February 7, 1966

The Watson-Schwartz Test

Author Affiliations

From the Department of Pathology, New England Deaconess Hospital, Boston.

JAMA. 1966;195(6):481. doi:10.1001/jama.1966.03100060121032

The Watson-Schwartz test for porphobilinogen is an excellent, simple screening procedure for porphyria and certainly its use should be considered in any patient with a history of abdominal pain, constipation, obscure neurological disorder, mental disturbance, multiple abdominal operations, or dark urine.

The porphyrias are a group of inherited disorders of porphyrin metabolism (Table) manifested chemically by an increased excretion of the porphyrins and their precursors or both.

Porphyrins are normally synthesized from glycine and succinic acid which combine to yield α-amino-β-ketoadiptic acid. Decarboxylation results in δ-aminolevulinic acid. Two molecules of δ-aminolevulinic acid condense, forming the monopyrolle, porphobilinogen. Four molecules of porphobilinogen condense producing the various tetrapyrolle porphyrinogens (copro-, uro-, protoporphyrinogen), the reduced, colorless precursors of the porphyrins.1 Porphyrins linked to metal and protein constitute the important biological compounds: hemoglobin, myoglobin, cytochrome, and catalase.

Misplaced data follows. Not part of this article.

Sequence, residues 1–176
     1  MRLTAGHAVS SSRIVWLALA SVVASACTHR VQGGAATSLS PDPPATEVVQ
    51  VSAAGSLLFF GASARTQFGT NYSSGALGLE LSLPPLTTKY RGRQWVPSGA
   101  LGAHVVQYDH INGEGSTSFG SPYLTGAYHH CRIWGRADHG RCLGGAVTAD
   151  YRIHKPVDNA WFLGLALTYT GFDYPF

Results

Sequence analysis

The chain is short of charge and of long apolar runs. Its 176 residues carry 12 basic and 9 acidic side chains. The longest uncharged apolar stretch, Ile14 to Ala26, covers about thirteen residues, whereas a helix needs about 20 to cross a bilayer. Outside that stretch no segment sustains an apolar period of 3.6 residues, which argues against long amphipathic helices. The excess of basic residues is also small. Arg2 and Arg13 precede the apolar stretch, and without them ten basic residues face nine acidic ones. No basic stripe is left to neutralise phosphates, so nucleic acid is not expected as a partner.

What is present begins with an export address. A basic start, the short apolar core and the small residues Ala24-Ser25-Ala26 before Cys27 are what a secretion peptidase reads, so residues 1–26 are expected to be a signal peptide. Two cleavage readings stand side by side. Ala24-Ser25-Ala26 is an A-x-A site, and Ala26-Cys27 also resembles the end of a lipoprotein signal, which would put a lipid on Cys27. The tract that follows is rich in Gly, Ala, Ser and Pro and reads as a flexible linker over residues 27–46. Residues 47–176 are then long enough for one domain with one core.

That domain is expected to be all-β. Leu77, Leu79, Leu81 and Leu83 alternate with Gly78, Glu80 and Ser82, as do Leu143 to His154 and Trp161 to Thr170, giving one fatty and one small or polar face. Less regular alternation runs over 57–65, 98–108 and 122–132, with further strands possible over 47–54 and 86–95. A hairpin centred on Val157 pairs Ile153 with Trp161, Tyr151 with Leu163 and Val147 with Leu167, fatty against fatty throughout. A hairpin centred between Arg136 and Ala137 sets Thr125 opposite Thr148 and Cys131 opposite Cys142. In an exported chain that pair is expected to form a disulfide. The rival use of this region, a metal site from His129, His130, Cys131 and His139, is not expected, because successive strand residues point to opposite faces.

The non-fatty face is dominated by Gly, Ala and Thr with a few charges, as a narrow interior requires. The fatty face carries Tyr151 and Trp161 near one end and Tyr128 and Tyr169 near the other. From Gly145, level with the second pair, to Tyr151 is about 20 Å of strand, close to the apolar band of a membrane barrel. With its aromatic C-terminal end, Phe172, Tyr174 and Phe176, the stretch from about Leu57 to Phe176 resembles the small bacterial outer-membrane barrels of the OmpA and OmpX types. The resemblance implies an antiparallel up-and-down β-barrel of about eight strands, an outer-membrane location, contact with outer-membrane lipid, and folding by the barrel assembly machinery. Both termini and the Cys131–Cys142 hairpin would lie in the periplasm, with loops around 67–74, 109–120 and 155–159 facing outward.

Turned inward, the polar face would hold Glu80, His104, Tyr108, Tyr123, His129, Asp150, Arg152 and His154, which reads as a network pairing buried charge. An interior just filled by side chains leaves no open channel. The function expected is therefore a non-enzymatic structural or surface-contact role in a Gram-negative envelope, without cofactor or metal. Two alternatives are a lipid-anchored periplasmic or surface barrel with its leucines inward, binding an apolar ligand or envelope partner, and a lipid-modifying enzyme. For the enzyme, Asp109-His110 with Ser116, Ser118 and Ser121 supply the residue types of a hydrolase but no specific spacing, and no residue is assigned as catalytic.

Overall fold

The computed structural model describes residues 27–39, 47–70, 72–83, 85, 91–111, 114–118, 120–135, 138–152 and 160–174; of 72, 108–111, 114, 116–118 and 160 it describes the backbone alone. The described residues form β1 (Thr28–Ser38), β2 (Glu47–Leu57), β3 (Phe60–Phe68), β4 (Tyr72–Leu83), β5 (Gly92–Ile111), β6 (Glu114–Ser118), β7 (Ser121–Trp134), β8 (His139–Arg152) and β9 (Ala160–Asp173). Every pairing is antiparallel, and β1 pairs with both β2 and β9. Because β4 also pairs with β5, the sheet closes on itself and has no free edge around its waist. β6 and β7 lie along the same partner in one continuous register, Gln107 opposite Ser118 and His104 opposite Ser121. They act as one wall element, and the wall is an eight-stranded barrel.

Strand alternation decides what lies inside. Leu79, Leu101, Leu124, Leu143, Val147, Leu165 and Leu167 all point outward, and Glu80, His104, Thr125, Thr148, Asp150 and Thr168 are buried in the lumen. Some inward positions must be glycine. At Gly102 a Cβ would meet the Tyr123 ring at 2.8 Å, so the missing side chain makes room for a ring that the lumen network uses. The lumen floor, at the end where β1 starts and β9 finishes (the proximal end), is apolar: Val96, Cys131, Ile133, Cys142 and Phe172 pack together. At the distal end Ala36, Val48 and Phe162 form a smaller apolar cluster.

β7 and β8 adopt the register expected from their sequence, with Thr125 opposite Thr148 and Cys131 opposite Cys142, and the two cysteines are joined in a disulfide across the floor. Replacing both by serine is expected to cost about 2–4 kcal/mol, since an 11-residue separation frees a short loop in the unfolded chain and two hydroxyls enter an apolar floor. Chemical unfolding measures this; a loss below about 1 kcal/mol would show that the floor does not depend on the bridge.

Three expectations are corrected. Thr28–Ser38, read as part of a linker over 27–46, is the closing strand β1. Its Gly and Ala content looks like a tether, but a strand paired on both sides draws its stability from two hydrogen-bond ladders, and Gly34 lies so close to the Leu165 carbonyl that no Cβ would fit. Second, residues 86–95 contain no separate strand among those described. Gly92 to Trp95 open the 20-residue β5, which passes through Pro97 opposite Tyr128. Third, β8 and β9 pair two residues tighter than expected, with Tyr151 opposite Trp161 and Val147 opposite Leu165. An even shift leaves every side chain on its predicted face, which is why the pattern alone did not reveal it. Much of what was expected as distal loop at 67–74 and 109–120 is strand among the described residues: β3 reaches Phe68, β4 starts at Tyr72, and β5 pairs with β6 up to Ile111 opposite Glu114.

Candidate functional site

Varieties of Porphyria.—  Porphyria Erythropoietica. —Inherited as an autosomal recessive, it accounts for only 3% of

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